Cash Drag: Definition & Portfolio Impacts

February 3, 2023

In investment portfolios, cash plays a crucial role in managing day-to-day operations like controlling inflows and outflows and collecting income sources like dividends. However, holding too much can negatively impact portfolio performance compared to benchmarks. This is called cash drag. 

What is Cash Drag?

Cash drag is a form of a performance drag, referring to the negative impact that excess cash can have on a company or fund’s financial performance.

For individuals, cash drag refers to holding a portion of a portfolio in cash rather than investing it in the market. Here, it’s a form of opportunity cost.

Because cash typically has very low or even negative returns after considering the effects of inflation,  portfolios could earn a better return by investing cash in the stock market or in other outperforming assets.

What is Performance Drag?

Performance drag refers to any reduction in the performance of an investment. A variety of factors can contribute to performance drag including taxes on investment returns, transaction and management fees, and holding cash in an investment account, and can negatively impact overall performance.

Understanding Cash Drag

Cash is useful in portfolios for its liquidity, low transaction costs and stability, but holding too much of a cash position in your brokerage can lessen long-term returns.

For mutual funds and exchange-traded funds (ETFs), cash positions are held to facilitate redemptions and pending investments. Since the underlying asset classes of a mutual fund — stocks and bonds — tend to have better long-term returns than cash, a permanent cash allocation reduces the performance of the fund.

Cash drag is typically more pronounced among actively managed mutual funds compared to index funds because index funds tend to remain fully invested whereas active mutual funds require more held in cash in order to cover transaction costs. 

For example, if one held $10,000 extra cash in a high-yield savings account, they would earn an annualized 3% return (based on interest rates), equalling just over $13,000 after 10 years.

On the other hand, if you invested that $10,000 in an S&P 500 index fund (average annual return of 10.67%), after ten years the total returns would be over $27,000.

Benefits of Cash Positions

Some investors decide to hold cash to pay for account fees and commissions, as an emergency fund or to help diversify other portfolio holdings.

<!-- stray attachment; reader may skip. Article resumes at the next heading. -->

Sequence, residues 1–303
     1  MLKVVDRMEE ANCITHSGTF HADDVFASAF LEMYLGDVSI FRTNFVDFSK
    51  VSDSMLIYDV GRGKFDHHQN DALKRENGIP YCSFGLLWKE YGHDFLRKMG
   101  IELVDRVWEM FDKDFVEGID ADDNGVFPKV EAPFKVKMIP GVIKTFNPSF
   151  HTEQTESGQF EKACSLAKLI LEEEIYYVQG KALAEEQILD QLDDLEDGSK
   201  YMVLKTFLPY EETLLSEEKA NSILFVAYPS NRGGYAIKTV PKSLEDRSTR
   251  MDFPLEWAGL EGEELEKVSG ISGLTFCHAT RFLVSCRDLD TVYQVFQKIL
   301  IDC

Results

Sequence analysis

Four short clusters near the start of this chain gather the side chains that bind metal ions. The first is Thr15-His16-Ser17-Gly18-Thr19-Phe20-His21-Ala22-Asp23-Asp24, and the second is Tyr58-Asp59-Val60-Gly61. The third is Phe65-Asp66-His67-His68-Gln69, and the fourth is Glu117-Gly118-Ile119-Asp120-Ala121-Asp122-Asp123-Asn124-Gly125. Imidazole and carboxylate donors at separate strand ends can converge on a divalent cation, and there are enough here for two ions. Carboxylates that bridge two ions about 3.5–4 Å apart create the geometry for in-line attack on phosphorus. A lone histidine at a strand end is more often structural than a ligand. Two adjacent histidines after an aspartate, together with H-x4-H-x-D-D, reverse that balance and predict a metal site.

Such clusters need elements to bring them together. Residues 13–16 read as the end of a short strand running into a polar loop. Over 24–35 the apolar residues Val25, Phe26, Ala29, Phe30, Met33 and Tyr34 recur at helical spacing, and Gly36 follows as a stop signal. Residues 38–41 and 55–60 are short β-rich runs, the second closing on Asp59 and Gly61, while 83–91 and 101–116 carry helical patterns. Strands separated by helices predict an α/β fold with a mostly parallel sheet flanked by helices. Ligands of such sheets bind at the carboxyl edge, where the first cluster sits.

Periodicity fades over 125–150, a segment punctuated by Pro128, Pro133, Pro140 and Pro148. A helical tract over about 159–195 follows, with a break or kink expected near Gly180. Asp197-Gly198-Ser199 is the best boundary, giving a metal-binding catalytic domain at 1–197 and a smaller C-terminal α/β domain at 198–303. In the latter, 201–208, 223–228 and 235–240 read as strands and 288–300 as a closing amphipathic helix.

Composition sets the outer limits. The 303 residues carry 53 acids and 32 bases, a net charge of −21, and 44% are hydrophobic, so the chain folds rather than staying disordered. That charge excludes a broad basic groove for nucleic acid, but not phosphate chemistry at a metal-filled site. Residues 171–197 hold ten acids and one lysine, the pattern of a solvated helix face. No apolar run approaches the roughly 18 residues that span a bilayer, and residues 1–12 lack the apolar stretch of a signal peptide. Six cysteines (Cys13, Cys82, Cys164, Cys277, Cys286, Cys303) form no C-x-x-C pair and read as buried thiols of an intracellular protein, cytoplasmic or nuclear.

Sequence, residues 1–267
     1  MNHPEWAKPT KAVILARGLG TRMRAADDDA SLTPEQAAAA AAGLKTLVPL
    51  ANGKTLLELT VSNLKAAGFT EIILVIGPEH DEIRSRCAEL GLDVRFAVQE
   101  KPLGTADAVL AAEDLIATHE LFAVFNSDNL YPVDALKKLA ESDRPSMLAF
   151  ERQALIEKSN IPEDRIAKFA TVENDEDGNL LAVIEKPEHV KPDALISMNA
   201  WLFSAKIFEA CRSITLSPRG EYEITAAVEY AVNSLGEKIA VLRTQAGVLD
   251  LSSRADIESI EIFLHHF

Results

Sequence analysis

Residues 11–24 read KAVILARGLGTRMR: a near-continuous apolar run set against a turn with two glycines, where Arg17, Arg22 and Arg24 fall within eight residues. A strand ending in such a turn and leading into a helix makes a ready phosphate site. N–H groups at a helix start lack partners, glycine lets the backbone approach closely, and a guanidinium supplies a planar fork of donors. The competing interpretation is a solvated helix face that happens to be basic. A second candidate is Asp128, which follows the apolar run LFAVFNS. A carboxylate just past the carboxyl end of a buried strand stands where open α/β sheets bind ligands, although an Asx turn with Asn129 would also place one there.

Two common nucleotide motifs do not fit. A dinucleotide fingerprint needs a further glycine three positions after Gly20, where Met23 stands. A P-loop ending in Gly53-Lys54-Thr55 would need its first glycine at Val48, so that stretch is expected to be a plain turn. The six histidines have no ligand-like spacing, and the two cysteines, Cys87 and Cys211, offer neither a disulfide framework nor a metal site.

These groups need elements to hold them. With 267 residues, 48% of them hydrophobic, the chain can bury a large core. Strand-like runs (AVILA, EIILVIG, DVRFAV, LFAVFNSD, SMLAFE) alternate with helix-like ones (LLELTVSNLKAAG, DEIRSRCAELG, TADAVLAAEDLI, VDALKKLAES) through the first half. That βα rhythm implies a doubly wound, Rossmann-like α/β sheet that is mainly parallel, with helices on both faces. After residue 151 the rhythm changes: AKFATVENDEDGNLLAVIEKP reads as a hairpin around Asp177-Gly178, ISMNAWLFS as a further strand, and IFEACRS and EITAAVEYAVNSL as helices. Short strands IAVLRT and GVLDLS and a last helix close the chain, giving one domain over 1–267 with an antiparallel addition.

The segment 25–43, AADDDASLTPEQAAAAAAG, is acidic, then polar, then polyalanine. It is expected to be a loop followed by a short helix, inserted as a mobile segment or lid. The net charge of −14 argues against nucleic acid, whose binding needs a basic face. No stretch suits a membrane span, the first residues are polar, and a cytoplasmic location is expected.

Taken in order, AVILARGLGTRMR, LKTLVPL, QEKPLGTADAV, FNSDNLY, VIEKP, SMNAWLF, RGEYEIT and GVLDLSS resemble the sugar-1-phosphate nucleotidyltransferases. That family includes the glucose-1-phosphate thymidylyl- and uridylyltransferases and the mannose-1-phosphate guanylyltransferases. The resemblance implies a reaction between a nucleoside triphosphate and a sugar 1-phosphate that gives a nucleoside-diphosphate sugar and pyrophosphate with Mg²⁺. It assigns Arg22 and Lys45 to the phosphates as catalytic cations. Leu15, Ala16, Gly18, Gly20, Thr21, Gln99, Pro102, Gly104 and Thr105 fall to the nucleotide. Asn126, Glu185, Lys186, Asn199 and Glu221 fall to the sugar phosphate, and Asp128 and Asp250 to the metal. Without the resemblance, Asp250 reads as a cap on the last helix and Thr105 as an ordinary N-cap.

Cash doesn’t have to be a drag on long or short-term returns. Investors with less cash flow may prefer to keep more held in cash.

Managing Cash Drag

The best way to manage cash drag is to reduce the amount of excess cash on hand. This can be done through a variety of strategies, including investing in growth opportunities, reducing expenses, and increasing revenue.

Investing in growth opportunities is one effective way to reduce cash drag. This can include investing in new projects, acquiring other businesses or expanding into new markets. A company can generate returns and increase its financial strength by putting excess cash to work.

Reducing expenses is another effective strategy for reducing cash drag. This can include cutting costs, minimizing credit card debt, streamlining operations or reducing waste. By reducing expenses, a company can free up cash that can be used for investment and growth.

Increasing revenue is another strategy for reducing cash drag. This can be done through various means, including expanding into new markets, offering new products or services or improving marketing efforts. By increasing revenue, a company can generate more cash that can be invested in growth opportunities.

Invest Excess Cash in Contemporary Art 

Contemporary Art has outperformed the S&P 500, yielding an annualized return of 13.8% from 1995 to 2021 compared to the S&P 500’s 10.2%, compared to 3% on cash held in a high-yield savings account. 

To manage cash drag, investing in blue-chip Contemporary Art can help to enhance long-term returns while also diversifying your portfolio to hedge against inflation and economic downturns. 

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The Bottom Line

Cash drag can significantly impact a portfolio’s financial performance, but it can be effectively managed through various strategies. Individuals can increase their financial strength by reducing the amount of excess cash on hand and sticking to a long-term investment strategy.

The information in this article is provided for educational purposes only. This information should not form the basis of an investment decision, and should not be construed as investment advice.

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